Blood Volume Measurements Improved Survival

Prospective randomized control trial in Surgical ICU

N=100, 70% Septic Shock / Sepsis / ARDS

  66% reduction in mortality

  20% reduction in LOS

  36 hour earlier treatment decisions

  44% change in treatment strategy

“An important aspect of care was the earlier treatment of intravascular volume deviations in the BVA group, before the abnormality became clinically manifested.”

Mihae Yu, M.D. – Queens Hospital

66% reduction in mortality

44% change in treatment strategy

Blood Volume Measurements Improved Survival

Prospective randomized control in which 100 critically ill surgical patients with septic shock, sever sepsis, severe respiratory failure, and/or cardiovascular collapse were evaluated. Mean APACHE II scores were comparable across both study arms, at 25 (BVA=50) vs. 24 (conventional, n=50) (p=0.16). All patients underwent BVA testing; physicians were blinded to BVA results for the control group, which was conventionally managed by pulmonary artery catheter (PAC).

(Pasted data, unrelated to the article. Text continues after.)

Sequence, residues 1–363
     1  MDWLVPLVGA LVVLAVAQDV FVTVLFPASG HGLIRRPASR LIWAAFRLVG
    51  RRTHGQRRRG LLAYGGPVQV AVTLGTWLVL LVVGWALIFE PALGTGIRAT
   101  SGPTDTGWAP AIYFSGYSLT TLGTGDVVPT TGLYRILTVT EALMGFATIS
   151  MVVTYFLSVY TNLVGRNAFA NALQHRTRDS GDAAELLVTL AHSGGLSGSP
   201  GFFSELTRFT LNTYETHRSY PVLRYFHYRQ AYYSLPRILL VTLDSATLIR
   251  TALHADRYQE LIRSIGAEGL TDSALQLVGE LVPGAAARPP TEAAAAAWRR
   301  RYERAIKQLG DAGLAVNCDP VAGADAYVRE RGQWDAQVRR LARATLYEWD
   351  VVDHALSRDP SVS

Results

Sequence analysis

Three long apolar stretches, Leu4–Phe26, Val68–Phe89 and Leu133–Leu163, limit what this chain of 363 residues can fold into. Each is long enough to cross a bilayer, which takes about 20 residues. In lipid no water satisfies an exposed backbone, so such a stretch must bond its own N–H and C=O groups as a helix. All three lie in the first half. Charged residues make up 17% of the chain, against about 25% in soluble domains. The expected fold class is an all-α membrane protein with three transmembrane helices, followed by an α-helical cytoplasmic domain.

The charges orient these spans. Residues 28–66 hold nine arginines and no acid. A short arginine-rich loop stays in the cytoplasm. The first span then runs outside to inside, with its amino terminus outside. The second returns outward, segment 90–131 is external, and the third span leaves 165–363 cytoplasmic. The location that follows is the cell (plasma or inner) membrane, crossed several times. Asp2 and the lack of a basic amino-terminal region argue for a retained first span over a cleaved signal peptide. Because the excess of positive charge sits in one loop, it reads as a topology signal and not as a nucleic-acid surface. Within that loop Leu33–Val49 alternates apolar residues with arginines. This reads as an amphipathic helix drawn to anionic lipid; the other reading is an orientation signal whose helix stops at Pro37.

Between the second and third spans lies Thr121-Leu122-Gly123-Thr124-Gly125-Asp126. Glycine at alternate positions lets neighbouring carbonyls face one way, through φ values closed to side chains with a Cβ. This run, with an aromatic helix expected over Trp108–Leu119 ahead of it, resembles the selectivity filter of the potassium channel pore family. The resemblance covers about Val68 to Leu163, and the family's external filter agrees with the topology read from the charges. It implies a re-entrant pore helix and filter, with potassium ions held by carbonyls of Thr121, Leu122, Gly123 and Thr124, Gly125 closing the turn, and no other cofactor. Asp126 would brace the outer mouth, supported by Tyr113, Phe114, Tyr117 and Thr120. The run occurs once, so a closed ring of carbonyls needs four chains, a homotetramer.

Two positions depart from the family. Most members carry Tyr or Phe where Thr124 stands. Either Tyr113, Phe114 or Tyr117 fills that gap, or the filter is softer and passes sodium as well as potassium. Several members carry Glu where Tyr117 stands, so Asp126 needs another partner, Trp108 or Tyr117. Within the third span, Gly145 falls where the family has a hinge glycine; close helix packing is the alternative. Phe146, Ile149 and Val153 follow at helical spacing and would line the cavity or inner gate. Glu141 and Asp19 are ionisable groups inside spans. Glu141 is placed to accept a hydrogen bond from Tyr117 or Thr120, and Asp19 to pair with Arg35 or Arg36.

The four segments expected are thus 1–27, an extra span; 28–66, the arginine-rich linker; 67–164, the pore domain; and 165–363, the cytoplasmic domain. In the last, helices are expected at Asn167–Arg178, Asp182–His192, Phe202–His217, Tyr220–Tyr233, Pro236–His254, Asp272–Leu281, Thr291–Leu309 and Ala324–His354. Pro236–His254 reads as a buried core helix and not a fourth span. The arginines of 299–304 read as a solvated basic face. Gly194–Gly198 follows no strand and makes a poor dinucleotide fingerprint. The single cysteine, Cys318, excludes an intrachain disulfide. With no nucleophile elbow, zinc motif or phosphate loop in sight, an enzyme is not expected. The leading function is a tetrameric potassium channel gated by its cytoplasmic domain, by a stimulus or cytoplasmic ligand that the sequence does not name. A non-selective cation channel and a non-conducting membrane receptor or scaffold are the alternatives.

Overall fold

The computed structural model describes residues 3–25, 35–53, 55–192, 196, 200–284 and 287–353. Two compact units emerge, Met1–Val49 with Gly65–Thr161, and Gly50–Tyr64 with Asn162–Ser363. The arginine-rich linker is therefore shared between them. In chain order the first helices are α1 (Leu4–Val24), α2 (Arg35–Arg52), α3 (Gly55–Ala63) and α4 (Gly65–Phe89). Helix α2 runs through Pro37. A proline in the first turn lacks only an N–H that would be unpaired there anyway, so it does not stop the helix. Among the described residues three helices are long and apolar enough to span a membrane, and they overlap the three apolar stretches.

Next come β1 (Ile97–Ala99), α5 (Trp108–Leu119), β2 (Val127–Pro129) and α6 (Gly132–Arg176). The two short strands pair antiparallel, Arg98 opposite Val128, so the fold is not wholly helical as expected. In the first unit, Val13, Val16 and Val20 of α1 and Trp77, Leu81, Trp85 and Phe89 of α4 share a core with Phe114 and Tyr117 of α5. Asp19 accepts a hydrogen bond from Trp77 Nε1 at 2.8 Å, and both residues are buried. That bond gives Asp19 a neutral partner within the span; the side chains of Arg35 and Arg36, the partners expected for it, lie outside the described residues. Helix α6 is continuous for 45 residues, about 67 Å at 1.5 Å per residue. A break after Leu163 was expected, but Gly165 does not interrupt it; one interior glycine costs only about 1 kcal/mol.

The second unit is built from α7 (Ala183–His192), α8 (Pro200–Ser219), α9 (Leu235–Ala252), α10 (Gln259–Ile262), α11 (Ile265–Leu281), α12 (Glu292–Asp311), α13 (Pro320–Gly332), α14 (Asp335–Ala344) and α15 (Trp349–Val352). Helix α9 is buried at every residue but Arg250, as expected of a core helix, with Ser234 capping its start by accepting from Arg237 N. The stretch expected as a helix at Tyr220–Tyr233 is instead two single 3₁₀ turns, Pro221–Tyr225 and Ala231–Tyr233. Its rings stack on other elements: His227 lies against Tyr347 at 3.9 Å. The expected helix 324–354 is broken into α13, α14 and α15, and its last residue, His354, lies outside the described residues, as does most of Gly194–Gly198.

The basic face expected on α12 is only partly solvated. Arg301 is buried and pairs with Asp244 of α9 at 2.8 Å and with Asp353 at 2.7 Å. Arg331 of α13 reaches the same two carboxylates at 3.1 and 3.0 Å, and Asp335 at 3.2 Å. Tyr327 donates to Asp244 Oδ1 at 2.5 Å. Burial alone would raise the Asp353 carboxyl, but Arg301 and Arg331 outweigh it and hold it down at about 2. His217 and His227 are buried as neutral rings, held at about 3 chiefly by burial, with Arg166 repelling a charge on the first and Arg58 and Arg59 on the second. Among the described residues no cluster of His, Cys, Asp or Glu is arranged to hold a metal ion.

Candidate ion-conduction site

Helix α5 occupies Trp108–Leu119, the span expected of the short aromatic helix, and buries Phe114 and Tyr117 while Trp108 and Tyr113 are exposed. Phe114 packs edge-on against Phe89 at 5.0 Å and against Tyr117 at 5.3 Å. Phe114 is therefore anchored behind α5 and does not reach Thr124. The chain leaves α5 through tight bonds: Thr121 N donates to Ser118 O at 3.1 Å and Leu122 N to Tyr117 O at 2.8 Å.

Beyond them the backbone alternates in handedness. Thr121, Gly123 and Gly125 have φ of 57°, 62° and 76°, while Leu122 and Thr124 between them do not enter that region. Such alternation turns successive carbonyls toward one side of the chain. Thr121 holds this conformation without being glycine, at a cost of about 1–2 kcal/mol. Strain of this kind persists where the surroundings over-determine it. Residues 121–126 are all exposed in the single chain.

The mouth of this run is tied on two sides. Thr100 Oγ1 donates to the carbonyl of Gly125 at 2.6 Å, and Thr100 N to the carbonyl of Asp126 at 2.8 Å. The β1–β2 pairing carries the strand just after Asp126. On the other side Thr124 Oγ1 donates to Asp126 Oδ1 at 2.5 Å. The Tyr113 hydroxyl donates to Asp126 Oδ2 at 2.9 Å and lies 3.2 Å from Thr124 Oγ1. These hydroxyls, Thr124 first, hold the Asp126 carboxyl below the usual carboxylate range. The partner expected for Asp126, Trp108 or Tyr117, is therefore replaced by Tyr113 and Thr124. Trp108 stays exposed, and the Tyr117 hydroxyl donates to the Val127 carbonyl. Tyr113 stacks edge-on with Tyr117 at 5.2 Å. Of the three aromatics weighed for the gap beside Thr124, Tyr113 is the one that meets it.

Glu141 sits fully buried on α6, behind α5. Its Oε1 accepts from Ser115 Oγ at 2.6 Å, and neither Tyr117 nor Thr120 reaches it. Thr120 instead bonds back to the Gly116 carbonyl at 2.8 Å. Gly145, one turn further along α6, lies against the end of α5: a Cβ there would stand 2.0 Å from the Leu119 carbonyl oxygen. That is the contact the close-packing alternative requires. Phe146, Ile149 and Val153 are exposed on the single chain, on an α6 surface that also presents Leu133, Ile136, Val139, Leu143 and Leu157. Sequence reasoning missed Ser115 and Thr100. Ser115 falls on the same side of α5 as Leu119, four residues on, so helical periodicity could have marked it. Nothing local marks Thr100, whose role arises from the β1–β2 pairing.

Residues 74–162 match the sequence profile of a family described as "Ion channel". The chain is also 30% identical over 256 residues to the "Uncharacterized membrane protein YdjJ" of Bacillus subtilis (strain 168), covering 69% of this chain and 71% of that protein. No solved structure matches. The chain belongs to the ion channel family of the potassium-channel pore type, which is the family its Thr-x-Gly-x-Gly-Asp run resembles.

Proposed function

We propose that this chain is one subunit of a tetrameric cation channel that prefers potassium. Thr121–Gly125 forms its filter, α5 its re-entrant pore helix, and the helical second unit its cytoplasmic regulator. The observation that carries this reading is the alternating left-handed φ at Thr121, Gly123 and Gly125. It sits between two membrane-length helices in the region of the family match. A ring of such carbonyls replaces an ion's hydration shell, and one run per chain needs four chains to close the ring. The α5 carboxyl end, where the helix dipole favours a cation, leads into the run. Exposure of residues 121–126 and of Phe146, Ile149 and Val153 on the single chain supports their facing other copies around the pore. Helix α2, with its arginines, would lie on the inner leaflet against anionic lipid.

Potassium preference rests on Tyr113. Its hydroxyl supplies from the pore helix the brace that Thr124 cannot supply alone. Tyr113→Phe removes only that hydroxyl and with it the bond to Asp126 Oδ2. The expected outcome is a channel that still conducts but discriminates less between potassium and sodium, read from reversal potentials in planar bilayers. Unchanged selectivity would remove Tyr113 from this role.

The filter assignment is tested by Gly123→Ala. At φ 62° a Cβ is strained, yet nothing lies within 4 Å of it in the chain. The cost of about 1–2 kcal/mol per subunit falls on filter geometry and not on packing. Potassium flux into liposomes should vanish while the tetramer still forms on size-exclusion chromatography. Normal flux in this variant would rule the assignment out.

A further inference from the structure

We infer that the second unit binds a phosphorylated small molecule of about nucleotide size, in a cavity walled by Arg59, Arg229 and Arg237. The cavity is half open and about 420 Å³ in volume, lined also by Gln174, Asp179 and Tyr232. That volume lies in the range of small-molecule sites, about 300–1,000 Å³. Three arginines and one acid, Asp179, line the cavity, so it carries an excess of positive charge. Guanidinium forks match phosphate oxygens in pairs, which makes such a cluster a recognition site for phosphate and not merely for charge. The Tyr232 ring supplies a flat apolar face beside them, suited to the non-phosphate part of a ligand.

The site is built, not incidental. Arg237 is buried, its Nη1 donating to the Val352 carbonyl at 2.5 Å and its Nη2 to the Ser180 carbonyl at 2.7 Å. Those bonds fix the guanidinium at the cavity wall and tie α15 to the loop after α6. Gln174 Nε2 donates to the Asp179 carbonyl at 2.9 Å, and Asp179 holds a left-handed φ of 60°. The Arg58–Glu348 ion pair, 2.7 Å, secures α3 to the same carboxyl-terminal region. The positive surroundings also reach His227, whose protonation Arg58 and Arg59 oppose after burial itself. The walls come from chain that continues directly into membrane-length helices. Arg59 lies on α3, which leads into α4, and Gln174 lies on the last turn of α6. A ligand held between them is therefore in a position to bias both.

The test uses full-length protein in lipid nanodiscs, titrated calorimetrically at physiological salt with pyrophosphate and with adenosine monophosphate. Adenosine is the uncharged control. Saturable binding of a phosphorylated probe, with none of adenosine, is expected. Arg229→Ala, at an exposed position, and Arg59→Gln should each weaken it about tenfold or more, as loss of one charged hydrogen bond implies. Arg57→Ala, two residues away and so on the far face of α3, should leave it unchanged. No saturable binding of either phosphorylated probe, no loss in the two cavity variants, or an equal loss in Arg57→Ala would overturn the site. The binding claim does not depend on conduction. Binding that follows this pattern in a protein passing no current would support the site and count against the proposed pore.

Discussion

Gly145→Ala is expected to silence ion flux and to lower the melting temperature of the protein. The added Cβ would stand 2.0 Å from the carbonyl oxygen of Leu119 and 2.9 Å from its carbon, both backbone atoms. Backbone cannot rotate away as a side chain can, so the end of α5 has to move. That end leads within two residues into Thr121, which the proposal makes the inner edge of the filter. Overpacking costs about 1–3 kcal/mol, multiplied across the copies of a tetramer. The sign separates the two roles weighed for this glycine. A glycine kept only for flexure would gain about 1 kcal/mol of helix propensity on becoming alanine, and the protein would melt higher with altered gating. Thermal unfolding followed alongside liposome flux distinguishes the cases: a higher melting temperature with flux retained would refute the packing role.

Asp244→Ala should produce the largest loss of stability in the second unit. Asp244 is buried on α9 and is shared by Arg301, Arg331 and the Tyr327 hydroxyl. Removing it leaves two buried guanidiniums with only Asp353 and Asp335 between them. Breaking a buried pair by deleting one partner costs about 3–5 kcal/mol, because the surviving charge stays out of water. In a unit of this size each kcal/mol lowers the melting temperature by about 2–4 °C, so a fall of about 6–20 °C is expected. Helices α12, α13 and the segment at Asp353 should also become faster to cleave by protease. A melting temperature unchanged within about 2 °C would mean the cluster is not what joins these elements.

Hypervolemia present in 48% control vs. 37% BVA

   RBC deficiency present in 33% control vs. 16% BVA

   Control group mean delay in transfusion of 1.5 ± 2 days

   PAC did not reliably correlate with volume

66% reduction in mortality

For the BVA group, 44% of test results led to a change in treatment strategy

“An important aspect of care was the earlier treatment of intravascular volume deviations in the BVA group, before the abnormality became clinically manifested.”

Mihae Yu, M.D. – Queens Hospital

Capillary leak rate shown to be predictive of ICU mortality in cohort with 70% respiratory failure.

Rate at which the albumin transudates out of circulation shown to be predictive of ICU mortality in cohort with 70% respiratory failure.

Retrospective Study in Surgical ICU

N = 164

Blood Volume Measurements Improved Survival

Prospective randomized control in which 100 critically ill surgical patients with septic shock, sever sepsis, severe respiratory failure, and/or cardiovascular collapse were evaluated. Mean APACHE II scores were comparable across both study arms, at 25 (BVA=50) vs. 24 (conventional, n=50) (p=0.16). All patients underwent BVA testing; physicians were blinded to BVA results for the control group, which was conventionally managed by pulmonary artery catheter (PAC).

   Hypervolemia present in 48% control vs. 37% BVA

   RBC deficiency present in 33% control vs. 16% BVA

   Control group mean delay in transfusion of 1.5 ± 2 days

   PAC did not reliably correlate with volume

66% reduction in mortality

For the BVA group, 44% of test results led to a change in treatment strategy